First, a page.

fairly successful ~ after a decade !

I create new affirmations every month, copying or reciting them twice every day.

Age: 77

Diagnosis: Benign Paroxysmal Positional Vertigo (BPPV)

It was the early-mid 1990’s. I was told it’d be my change-of-life time. I’d just gotten my BA and was trying out part-time positions that interested me, mostly in schools. I was at a stop sign and the car next to me seemed going backwards. Before long the walls, floor, and ceiling would trade places so I couldn’t stand. Local neurologists suggested meclizine, then the time-release patch. The patch helped if timed carefully so I could drive. My daughter’s DC arranged an ultra-sound, which showed a packed gallbladder, but my DO/PCP said many live with that without issue. A friend insisted I take a course; realizing I was losing my sense of abundance, I selected the Abundance Workshop for 3 eves, once a week. I used that ploy throughout my vertigo decade – creating new affirmations every month, copying or reciting them twice every day.

My disorder evolved so I could no longer teach. One at a time, I gave up on daily activities, and neighbors had their young children check on me. “Want us to get mama, Vicky?” if I was on the floor. I learned to stagger places to hold onto across the house, aiming for the sewing machine near the bathroom. If I left a project -always small- in process, it was easier to continue a bit and I learned color combos + patchwork. One friend gave me a phone headset, another encouraged Boston doctors. I did get to the MEEI otolaryngologist familiar with my issues, who gave me the Dix Hallpike maneuver, and thorough vestibular testing. Unfortunately my reaction confirming BPPV came after a delay, and in a chair with moveable arms (never again!) – my spontaneous response woke everyone in the waiting room. The MD gave me videotapes of the nystagmus during the Hallpike, for proof. But the vertigo would return and return despite adaptive physical therapy and repetitive Hallpike maneuvers.

When I was referred to a physiatrist, new Matthew Thorton Ins. said no, so I was passed onto a homeopath, then a research endocrinologist, who stuck with me for a few years and tolerated my inconsistencies. I’d left the MEEI otolaryngologist with a pillow-sham I’d made to visualize my vertigo-experience – which his waiting room covered their eyes at. He encouraged others to create similarly, so their families could gain a sense of their condition. With those attempts, I sewed more and started doing infrequent craft fairs – those where someone could sit in for me, and where I’d always have the same placement, same neighbors: trial and error. I learned that focus is helpful for vertigo, and positive reinforcement. When I went -embarrassed- into nsytagmus following adjustment on a specialist-DC’s table, he tried pulling my fingers! That stimulation stopped it, and I took the tool as squeezing-my-fist to halt the continuous spurts, giving me some control of my time. Eventually I had a massive choli attack, bringing me to the hospital, sent home as claustrophobic, but with a return appt. The ultrasound showed a gallbladder attack. Fortunately I recognized a name on the options, who took me on for surgery, plus a liver biopsy, after my septic condition lessoned via intravenous help. They found that my previously opened gallbladder had exploded, scarring here, there, everywhere, hemosiderosis (no wonder I’d i.d.ed with PBS sickle cell shorts), fatty liver, etc. It took awhile for my left side to deflate to cf the right – it’s still oversize but my right side is notably weaker.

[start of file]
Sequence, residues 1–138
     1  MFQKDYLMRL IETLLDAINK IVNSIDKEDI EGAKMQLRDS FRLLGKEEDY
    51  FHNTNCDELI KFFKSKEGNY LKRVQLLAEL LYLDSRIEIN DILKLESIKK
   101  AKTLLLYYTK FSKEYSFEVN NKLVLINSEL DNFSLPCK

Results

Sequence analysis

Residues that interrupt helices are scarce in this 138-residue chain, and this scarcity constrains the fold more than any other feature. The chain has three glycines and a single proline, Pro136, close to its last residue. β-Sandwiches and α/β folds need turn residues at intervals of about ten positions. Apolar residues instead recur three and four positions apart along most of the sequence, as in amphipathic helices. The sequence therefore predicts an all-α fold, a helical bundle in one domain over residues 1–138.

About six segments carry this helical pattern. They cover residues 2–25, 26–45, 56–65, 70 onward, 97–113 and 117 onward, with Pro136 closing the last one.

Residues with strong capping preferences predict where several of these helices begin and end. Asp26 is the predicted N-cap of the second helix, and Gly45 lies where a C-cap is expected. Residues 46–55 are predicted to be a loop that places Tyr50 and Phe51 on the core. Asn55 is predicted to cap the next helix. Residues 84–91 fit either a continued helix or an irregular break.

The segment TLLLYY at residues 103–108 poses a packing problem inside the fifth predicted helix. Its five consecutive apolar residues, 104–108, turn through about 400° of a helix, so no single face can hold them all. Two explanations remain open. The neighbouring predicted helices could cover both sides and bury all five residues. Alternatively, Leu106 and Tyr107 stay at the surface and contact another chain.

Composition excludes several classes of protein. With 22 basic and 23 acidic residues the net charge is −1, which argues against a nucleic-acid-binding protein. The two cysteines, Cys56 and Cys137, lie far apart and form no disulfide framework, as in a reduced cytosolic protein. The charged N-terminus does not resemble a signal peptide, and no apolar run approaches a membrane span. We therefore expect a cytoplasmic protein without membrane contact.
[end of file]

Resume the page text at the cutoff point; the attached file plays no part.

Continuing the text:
I try various approaches to improve my health, currently on the SUJA suggestions, varied re: my needs. I’ve been a school sub for 15 years, though the dept. knows I won’t take consecutive days (winds me up too much, must have downtime being still). My BA nudged me to a summer nature/craft camp for 6 yrs. and I now hope to offer workshops down that line. I present one yearly at the Children’s Museum in this area, now with a copyright thanks to the unhlaw school, who look for projects for their interns! My school dept. kindly gave me unemployment during the pandemic. the highest salary I’ve had, now again gone. They suggested, if I had funding, I could make an art/craft center of my home+barn.

In general, I have only infrequent unsteady times now. As I no longer have access to vertigoheel, I explored and now carry low dose Ginkgo Biloba 1x, which works. To take the vaccine, I took a naturapath’s suggestions of taking an herb before & after each dose. My only reaction was to very thoroughly sleep the next day.

I’ve inevitably left bits and pieces out here of course. I live on a very low income the best I can and at times am not good at keeping my space as I wish – I may not even notice it right then. Sometimes family and those who were my friends pass me by, but they haven’t walked in my shoes – and I hope they never have to.

Forgot to mention, when I first looked up vertigo on some type of computer, the only one available in ’94 was at the PEA library. For cause: head injury of varied types, but also a lot of infection in the system could cause it. In my case, it seems that could have been it as I haven’t had the whirling nystagmus since the gallbladder surgery.